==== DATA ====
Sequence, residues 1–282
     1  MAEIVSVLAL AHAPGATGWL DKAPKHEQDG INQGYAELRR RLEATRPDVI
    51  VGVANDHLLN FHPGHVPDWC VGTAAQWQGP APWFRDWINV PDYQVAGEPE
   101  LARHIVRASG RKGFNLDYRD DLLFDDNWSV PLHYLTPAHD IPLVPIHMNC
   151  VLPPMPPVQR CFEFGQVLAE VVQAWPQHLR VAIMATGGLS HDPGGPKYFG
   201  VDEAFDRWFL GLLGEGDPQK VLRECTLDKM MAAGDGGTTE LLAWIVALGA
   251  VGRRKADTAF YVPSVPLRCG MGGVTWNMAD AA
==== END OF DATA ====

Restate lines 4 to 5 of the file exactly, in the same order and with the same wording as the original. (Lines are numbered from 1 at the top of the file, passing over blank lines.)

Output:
   101  LARHIVRASG RKGFNLDYRD DLLFDDNWSV PLHYLTPAHD IPLVPIHMNC
   151  VLPPMPPVQR CFEFGQVLAE VVQAWPQHLR VAIMATGGLS HDPGGPKYFG